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Biosorption of Hg (II) From Aqueous Solutions

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IJRET : International Journal of Research in Engineering and Technology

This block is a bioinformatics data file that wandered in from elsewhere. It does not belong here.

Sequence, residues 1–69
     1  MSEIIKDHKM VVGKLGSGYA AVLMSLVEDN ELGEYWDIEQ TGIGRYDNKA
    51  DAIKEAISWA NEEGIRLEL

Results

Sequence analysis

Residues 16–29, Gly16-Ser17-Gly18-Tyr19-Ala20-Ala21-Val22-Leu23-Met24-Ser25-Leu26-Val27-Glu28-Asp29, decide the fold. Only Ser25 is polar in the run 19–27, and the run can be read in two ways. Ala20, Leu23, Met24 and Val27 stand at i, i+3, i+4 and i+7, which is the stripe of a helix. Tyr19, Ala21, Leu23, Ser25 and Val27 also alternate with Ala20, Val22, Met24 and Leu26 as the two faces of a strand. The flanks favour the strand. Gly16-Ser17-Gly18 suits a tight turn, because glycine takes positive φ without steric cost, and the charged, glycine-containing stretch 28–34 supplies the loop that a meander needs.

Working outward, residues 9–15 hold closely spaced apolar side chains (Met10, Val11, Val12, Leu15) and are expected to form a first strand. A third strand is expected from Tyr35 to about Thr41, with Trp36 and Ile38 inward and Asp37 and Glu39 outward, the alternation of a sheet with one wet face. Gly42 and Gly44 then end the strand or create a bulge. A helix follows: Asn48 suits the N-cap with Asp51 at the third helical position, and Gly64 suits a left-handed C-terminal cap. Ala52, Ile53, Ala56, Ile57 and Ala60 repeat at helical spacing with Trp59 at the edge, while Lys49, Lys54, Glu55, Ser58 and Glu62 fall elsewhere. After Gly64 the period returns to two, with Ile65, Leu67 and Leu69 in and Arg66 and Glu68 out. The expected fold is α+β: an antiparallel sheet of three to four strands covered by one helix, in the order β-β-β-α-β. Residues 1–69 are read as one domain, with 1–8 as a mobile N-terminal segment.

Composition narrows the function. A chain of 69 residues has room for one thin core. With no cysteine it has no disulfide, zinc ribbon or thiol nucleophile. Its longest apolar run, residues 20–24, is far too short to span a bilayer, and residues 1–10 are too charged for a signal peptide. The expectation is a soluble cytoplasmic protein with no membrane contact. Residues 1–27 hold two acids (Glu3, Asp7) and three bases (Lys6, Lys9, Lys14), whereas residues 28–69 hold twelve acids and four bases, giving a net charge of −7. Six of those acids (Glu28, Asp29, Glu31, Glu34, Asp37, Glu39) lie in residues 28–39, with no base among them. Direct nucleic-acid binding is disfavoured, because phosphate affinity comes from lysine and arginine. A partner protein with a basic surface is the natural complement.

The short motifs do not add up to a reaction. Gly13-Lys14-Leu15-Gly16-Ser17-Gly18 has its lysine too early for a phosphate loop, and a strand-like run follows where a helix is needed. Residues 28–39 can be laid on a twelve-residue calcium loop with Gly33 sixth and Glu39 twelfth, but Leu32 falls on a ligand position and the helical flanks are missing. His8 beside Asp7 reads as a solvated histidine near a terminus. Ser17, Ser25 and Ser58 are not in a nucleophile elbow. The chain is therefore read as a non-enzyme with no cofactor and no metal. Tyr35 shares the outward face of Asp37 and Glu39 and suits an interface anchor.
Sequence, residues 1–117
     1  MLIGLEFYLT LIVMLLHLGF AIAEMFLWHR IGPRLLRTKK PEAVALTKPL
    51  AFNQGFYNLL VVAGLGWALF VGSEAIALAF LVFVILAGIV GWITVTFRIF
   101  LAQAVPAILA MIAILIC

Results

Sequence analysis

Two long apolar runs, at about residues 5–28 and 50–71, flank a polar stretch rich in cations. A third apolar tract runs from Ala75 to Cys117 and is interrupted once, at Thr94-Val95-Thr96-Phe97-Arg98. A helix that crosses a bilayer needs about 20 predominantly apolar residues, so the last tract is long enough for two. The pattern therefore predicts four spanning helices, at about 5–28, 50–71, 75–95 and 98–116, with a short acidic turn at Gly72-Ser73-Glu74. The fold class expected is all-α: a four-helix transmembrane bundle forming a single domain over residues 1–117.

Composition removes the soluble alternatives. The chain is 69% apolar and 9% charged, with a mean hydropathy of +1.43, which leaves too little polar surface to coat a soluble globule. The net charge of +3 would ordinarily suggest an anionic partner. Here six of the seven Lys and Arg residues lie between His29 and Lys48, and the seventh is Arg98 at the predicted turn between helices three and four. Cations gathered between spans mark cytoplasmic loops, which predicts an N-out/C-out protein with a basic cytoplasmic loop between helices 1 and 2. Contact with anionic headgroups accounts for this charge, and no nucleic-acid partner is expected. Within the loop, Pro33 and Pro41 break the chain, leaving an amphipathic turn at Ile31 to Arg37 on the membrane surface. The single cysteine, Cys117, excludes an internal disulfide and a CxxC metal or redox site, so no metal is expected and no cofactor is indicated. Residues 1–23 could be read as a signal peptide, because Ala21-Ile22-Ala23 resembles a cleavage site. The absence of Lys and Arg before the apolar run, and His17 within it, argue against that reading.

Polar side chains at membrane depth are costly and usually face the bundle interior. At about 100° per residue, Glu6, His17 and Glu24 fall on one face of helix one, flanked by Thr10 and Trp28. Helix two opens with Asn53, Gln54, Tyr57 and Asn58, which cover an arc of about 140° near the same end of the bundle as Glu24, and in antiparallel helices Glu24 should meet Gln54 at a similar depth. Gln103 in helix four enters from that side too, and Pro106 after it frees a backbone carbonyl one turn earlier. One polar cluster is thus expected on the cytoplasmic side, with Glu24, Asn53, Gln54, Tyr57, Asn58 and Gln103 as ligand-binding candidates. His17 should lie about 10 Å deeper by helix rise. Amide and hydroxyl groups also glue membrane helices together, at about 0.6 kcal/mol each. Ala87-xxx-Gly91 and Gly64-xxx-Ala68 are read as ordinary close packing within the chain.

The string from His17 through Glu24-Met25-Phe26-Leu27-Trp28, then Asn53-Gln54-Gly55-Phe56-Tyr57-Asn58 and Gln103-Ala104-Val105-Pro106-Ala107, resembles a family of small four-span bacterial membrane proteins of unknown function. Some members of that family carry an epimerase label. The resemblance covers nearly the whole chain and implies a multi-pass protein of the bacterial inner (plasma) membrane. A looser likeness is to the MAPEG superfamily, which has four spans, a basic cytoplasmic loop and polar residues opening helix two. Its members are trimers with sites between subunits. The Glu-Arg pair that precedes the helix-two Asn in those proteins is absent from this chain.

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  IJRET: International Journal of Research in Engineering and Technology   eISSN: 2319-1163 | pISSN: 2321-7308   __________________________________________________________________________________________ IC-RICE Conference Issue | Nov-2013, Available @ http://www.ijret.org 347 BIOSORPTION OF Hg (II) FROM AQUEOUS SOLUTIONS USING BUTEA MONOSPERMA Mallappa A. Devani 1 , Basudeb Munshi 2 , John U. Kennedy Oubagaranadin 3 , Bipin Bihari Lal 4 1, 2  Department of Chemical Engineering, National Institute of Technology, Rourkela 769008, Orissa, INDIA 3  Department of Ceramic and Cement Technology, PDA College of Engineering, Gulbarga, Karnataka, INDIA: 4  Department of Civil Engineering, Bheemanna Khandre Institute of Technology, Bhalki, Karnataka, INDIA  mdevani003@gmail.com and basudebmyahoo.com, ju_kennedy@yahoo.co.in, bipinji@yahoo.com Abstract   The objective of this study is to investigate the feasibility of using Butea monosperma leaves powder (BMLP) for the removal of mercury from aqueous solution at the normal pH of the solution and at room temperature (30 o C). Results show that BMLP has a good biosorption capacity for mercury. The biosorption isotherms were analyzed using Freundlich, Langmuir and Temkin models. The Freundlich model yielded the best fit for the experimental biosorption equilibrium data. The maximum monolayer biosorption capacity as determined from the Langmuir model is 62.235 mg/g of biosorbent for initial concentration of 150 ppm mercury in the solution. The biosorption energy,  Δ Q indicates that the biosorption reaction was endothermic. The kinetic data fitted the Ho’s pseudo-second-order model with correlation coefficient 0.9985 and 0.9620 for initial concentration of 100 ppm and 150 ppm mercury in the solution. The studies suggest that the sorbent can be used for the removal of mercury from aqueous solutions.  Keywords:  Biosorption, Mercury, Isotherms, Kinetics ---------------------------------------------------------------------***------------------------------------------------------------------------ 1. INTRODUCTION Today worldwide heavy metal pollution is a dangerous threat to human and animals both in developed and developing countries. The most toxic metals given in the report by the United States Environmental Protection Agency (USEPA, 1978) are antimony, arsenic, beryllium, cadmium, chromium, copper, lead, mercury, nickel, selenium, silver, thallium and zinc. These metals are neither biodegradable nor destroyable; therefore removal of them is extremely necessary from water/wastewater [1]. Biosorption is most emerging technique studied worldwide since last 10 years, due to its potential in treatment of wastewater [2-3]. Biosorbents of agricultural srcin have polar functional groups of protein lignin, carbohydrates and phenolic compounds that have carboxyl, hydroxyl, sulfate, and amino groups, polymeric groups like cellulose, hemi-cellulose, pectin, lignin and proteins as active centers for metal uptake [4]. Many researchers have made significant contributions in this area, utilizing a number of agro-based materials such as rice husk, coconut shell, walnut hazelnut and almond shell, cotton seed hull, bagasse pith, papaya wood, sun flower stem, etc. [5-7]. The objective of the present study was to explore the potential of  Butea monosperma leaves powder    (BMLP)  for the removal of Hg(II) from the aqueous solutions. The  Butea monosperma  leaves are in enormous supply, inexpensive and easily found around in forest. 2. EXPERIMENTAL 2.1 Biosorption Equilibrium Experiments 50 ml solutions of 100 ppm Hg(II) concentration were dosed with 0.05g, 0.1g, 0.15g, 0.2g, 0.25g, 0.3g, 0.35g, 0.4g and 0.45g of average size 0.5125mm biosorbent and was shaken in an orbital shaker for about 4 hrs for equilibration. The solutions were then filtered and the residual Hg(II) concentrations were determined spectrophotometrically as reported [8]. A similar set of experiments was performed with an initial Hg(II) concentration of 150 ppm. 2.2 Kinetic Experiments Batch kinetic studies were carried out in a 250 ml glass beaker. 0.1g of average size 0.5125mm biomass was added to 25 ml metal solution of 100 ppm Hg(II) concentration and was shaken in an orbital shaker. Samples were withdrawn at different time intervals of 30 Sec, 1 min, 3 min, 6 min, 10 min, 25 min, 45 min, 60 min, 75 min, and 90 min. Samples were immediately vacuum filtered by using Gooch sintered ware grade G4 and the residual concentration of Hg(II) were determined spectophotometrically. A similar set of experiments was performed with an initial Hg(II) concentration of 150 ppm.  IJRET: International Journal of Research in Engineering and Technology   eISSN: 2319-1163 | pISSN: 2321-7308   __________________________________________________________________________________________ IC-RICE Conference Issue | Nov-2013, Available @ http://www.ijret.org 348 3. RESULTS AND DISCUSSION 3.1 Equilibrium Studies In this study three isotherm models were to used to test the equilibrium biosorption of Hg (II) onto  BMLP.   1. Freundlich Isotherm This model normally gives a better fit mainly for biosorption from liquids and can be expressed as [9]: neF e C K q 1 =  (1) Where q e  (mg/gm) is the amount of adsorbate biosorbed at equilibrium and C e  (mg/L) is the equilibrium concentration of adsorbate in solution. In this model, the mechanism and the rate of adsorption are functions of the constants, 1/n and K  F   (L/mg) respectively. The value of the plots for the biosorption of Hg(II) on  BMLP  given in the table 1. The plots give good fit (R 2  = 0.9945 for 100 ppm and 0.9921 for 150 ppm). For a good biosorbent, 0.2 < 1/n <0.8 (0.3368 for 100 ppm and 0.6036 for 150 ppm) A smaller value of 1/n  indicates better biosorption and formation of relatively strong bond between the adsorbate and biosorbent. 2. Langmuir Isotherm This model is valid for monolayer biosorption onto surface having finite number of similar sorption sites which is presented by the following equation [10]: e Le Lme C K C K qq += 1  (2) In this model, q m  (mg/g) is the metal biosorbed corresponding to complete monolayer coverage, i.e., the maximum biosorption capacity, C e  is equilibrium concentration of the solution (mg/L), and K  L  (L/mg) is the Langmuir constant. From the values of q m , as shown in the Table No. 1, it is observed that the maximum biosorption capacity of  BMLP  is 26.719 mg/g and 62.235 mg/g for initial concentration of mercury 100 ppm and 150 ppm respectively. For Langmuir type process, to determine if the biosorption is favorable or not, a dimensionless separation factor is defined as [11]: 0 11 C K  R  L L +=  (3) If  L  R >1, the isotherm is unfavorable  L  R =1, the isotherm is linear 0<  L  R <1, the isotherm is favorable  L  R = 0, the isotherm is reversible. The value of R L  for Butea monosperma (0.01104 for 100 ppm mercury and 0.08025 for 150 ppm mercury) falls between 0 and 1, indicating that the isotherms are favorable. Fig.1 shows a plot of residual equilibrium concentration C  e  (ppm) against adsorbate loading q e  (mg/g). The curves are convex upward and so they are favorable because a relatively high adsorbate loading can be obtained at low concentration in the solution. 01234567891011121314151605101520253035 C 0  = 100 ppm C 0  = 150 ppm   q   e    (  m  g   /  g   ) C e  (ppm)   Fig1.  Equilibrium data for the biosorption of Hg(II) on Butea monosperma 3. Temkin Isotherm The derivation of the Temkin isotherm assumes that the fall in the heat of biosorption is linear rather than logarithmic, as implied in the Freundlich equation. The Temkin isotherm is expressed as [12]: )ln( eT e C K Q RT q ∆=  (4) The parameters of the Temkin model, which takes into account the biosorbing species-biosorbent interactions, gave a satisfactory fit to the experimental data. The biosorption energy,  Δ Q (448 kJ/kmol for 100 ppm and 189 kJ/kmol for 150 ppm mercury in the solution), indicates that the biosorption reaction was endothermic. K  T   is the equilibrium binding constant (L/mg) corresponding to the maximum binding energy. From the values of K  T (9.7496 and 0.7611 for an initial concentration of 100 ppm and 150 ppm mercury) it is observed that the binding energy is better for  BMLP .  IJRET: International Journal of Research in Engineering and Technology   eISSN: 2319-1163 | pISSN: 2321-7308   __________________________________________________________________________________________ IC-RICE Conference Issue | Nov-2013, Available @ http://www.ijret.org 349 Table1.  Isotherm modeling for the biosorption of Hg (II) onto Butea monosperma Model Equation R χ   C 0  (ppm) Parameter values 1. Freundlich n eF e C K q 1 =  0.9945 0.1486 100 1/n  = 0.3368; K  F   = 12.80 0.9921 0.4574 150 1/n = 0.6036; K  F   = 6.599 2. Langmuir e Le Lme C K C K qq += 1  0.9894 0.6979 100 m q = 26.719;  L K  = 0.8954 0.9912 1.2169 150 m q = 62.235;  L K  = 0.0764 3. Temkin )ln( eT e C K Q RT q ∆=  0.9903 0.2636 100 ∆ Q  = 448 kJ/kmol; K T  = 9.7496 0.9553 2.5904 150 ∆ Q  = 189 kJ/kmol; K T  = 0.7611 3.2 Kinetic Studies Information about the biosorption mechanism is provided by kinetic study of biosorption. In this study, two different kinetic models were applied in order to establish which of them shows the best fit with experimentally obtained data. 1. Pseudo-first-order (Lagergren) model This model is frequently used in kinetic studies and is the earliest known one explaining the rate of biosorption based on the biosorption capacity [13]. It is given by: )( 1 t et  qqk dt dq −=  (5)   Where, q t  is uptake at any time‘t’, q e  is equilibrium uptake and k  1  is first order rate constant. The experimental data gives good fit for  BMLP  (R 2  = 0.9963 and 0.9247 for 100 ppm and 150 ppm mercury concentration). The values of the first-order rate constant ( k  1 )  are 4.898 and 2.457min -1  for 100 ppm and 150 ppm mercury. 2. Pseudo second-order (Ho) model The kinetic equation is written in the form [14]: t k qt k qq eet  222 1 +=  (6) The data gives perfect fit for this model for  BMLP  (R 2  = 0.9985 and 0.9625 for initial concentration of 100 ppm and 150 ppm mercury) as shown in Fig.2 compared to Lagergren’s first-order rate equation. The values of the second-order rate constants found from of the graphs for  BMLP  ( k  2  = 0.8261 gm/(mg-min) and 0.1490 gm/(mg-min) for 100 ppm and 150 ppm mercury) indicate that Hg(II) removal rate is very fast. 02040608010005101520253035  C 0  = 100 ppm C 0  = 150 ppm   q    t    (  m  g   /  g   ) t (min)   Fig2.  Kinetic data for the biosorption of Hg(II) on Butea monosperma Table2.  Kinetic modeling of biosorption of Hg (II) by Butea monosperma Model Equation R 2   χ  2  C 0  (ppm) Parameter values 1. Pseudo- first-order (Lagergren) )1( 1 t k et  eqq  − −=  0.9963 0.2087 100 q e  = 23.66; k  1  = 4.898   0.9247 7.3495 150 q e  = 30.15; k  1  = 2.457 2. Pseudo- second- order (Ho) t k qt k qq eet  222 1 +=  0.9985 0.0870 100 q e  = 23.86; k  2  = 0.8261 0.9620 3.7061 150 q e  = 30.97; k  2  = 0.1490  IJRET: International Journal of Research in Engineering and Technology   eISSN: 2319-1163 | pISSN: 2321-7308   __________________________________________________________________________________________ IC-RICE Conference Issue | Nov-2013, Available @ http://www.ijret.org 350 CONCLUSIONS In the present study, the potential of using  BMLP  was assessed for the removal of Hg(II) from aqueous solutions. The Freundlich model fitted the experimental data well. The  BMLP  exhibits a maximum biosorption capacity of 62.235mg/g for initial metal concentration of 150 ppm. Biosorption followed pseudo-second order rate model as indicated by very high value of coefficient of correlation 0.9912. Since the raw material (Butea monosperma) is freely available in large quantities as a waste, it can be used economically for Hg(II) removal from polluting waters. REFERENCES [1]   T. Akar and S. Tunali, “Biosorption Performance of Botrytis Cinerea Fungal by Products for Removal of Cd(II) and Cu(II) Ions from Aqueous Solutions”,  Minerals Engineering,  Vol.18, 2005, pp.1099-1109. [2]   K. H. Chong and B. Volesky, “Description of Two Metal Biosorption Equilibria by Langmuir type Models”,  Biotechnology and Bioengineering,  Vol. 47, 1995, pp. 451-60. [3]   [3] A. D. Crowall, “Surface and Solid Gas Interface”, New York,  Marcel Dekker  , 1966. [4]   F. Pagnanelli, S. Mainelli, F. Veglio and L. Toro, “Heavy Metal Removal by Olive Pomace: Biosorbent Characterization and Equilibrium Modeling,” Chemical  Engineering Sci ence, Vol. 58, pp. 4709-4717, 2003. [5]   D. Sud, G. Mahajan and M. P. 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Freundlich, “Over the Adsorption in Solution,”  Journal of Physical Chemistry,  Vol. 57, pp. 385-471, 1906 [10]   Langmuir, “The Adsorption of Gases on Plane Surfaces of Glass, Mica and Platinum,”  Journal of American Chemical Society , Vol. 40, pp. 1361-1368, 1918. [11]   T. W. Weber and R. K. Chakkravorti, “Pore and Solid Diffusion Models for Fixed Bed Adsorbents”,  American Institute of Chemical Eng.  Journal, Vol. 20, pp. 228-238, 1974 [12]   F. Xian-cai and C. Qui-hui, “ Physical Chemistry” , Higher Education Press, China, pp. 303-321, 1988 [13]   John U. Kennedy Oubagaranadin and Z.V.P. Murthy, “Modeling of Adsorption of Chromium(VI) on Activated Carbons Derived from Corn (Zea mays) Cob,” Chemical Product and Process Modeling, Vol. 4, Issue 1, 2009. [14]   Y. Ho, and A. E. Ofemaja, Pseudo – Second order Model for Lead Ion Sorption from Aqueous Solutions onto Palm Kernel fiber,”  Journal of Hazardous  Materials,  Vol. 129, pp. 137-142, 2006.